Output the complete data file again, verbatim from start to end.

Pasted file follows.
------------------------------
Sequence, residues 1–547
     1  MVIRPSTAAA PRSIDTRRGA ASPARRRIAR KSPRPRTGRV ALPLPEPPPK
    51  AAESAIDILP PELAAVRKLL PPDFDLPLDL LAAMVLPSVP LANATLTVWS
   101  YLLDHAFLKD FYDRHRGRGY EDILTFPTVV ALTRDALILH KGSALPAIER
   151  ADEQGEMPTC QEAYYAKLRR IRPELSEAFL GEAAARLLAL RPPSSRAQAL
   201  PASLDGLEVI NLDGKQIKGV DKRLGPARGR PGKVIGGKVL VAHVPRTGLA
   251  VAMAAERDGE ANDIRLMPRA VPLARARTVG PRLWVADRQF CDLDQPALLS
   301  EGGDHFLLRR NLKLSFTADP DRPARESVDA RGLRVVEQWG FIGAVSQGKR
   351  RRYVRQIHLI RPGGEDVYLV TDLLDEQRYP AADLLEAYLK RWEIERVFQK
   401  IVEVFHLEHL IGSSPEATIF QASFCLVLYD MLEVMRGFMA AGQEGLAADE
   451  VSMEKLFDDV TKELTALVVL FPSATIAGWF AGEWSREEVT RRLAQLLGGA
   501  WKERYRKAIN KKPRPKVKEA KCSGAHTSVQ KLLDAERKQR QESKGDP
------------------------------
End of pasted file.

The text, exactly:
Sequence, residues 1–547
     1  MVIRPSTAAA PRSIDTRRGA ASPARRRIAR KSPRPRTGRV ALPLPEPPPK
    51  AAESAIDILP PELAAVRKLL PPDFDLPLDL LAAMVLPSVP LANATLTVWS
   101  YLLDHAFLKD FYDRHRGRGY EDILTFPTVV ALTRDALILH KGSALPAIER
   151  ADEQGEMPTC QEAYYAKLRR IRPELSEAFL GEAAARLLAL RPPSSRAQAL
   201  PASLDGLEVI NLDGKQIKGV DKRLGPARGR PGKVIGGKVL VAHVPRTGLA
   251  VAMAAERDGE ANDIRLMPRA VPLARARTVG PRLWVADRQF CDLDQPALLS
   301  EGGDHFLLRR NLKLSFTADP DRPARESVDA RGLRVVEQWG FIGAVSQGKR
   351  RRYVRQIHLI RPGGEDVYLV TDLLDEQRYP AADLLEAYLK RWEIERVFQK
   401  IVEVFHLEHL IGSSPEATIF QASFCLVLYD MLEVMRGFMA AGQEGLAADE
   451  VSMEKLFDDV TKELTALVVL FPSATIAGWF AGEWSREEVT RRLAQLLGGA
   501  WKERYRKAIN KKPRPKVKEA KCSGAHTSVQ KLLDAERKQR QESKGDP